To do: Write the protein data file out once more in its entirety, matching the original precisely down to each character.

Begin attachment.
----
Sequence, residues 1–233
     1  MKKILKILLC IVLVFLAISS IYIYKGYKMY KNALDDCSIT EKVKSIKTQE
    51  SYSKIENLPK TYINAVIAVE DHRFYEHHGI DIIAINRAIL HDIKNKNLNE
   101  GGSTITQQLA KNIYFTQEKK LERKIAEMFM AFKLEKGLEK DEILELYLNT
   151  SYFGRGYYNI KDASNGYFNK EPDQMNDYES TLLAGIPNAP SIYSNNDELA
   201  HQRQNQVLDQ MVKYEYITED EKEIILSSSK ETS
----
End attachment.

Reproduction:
Sequence, residues 1–233
     1  MKKILKILLC IVLVFLAISS IYIYKGYKMY KNALDDCSIT EKVKSIKTQE
    51  SYSKIENLPK TYINAVIAVE DHRFYEHHGI DIIAINRAIL HDIKNKNLNE
   101  GGSTITQQLA KNIYFTQEKK LERKIAEMFM AFKLEKGLEK DEILELYLNT
   151  SYFGRGYYNI KDASNGYFNK EPDQMNDYES TLLAGIPNAP SIYSNNDELA
   201  HQRQNQVLDQ MVKYEYITED EKEIILSSSK ETS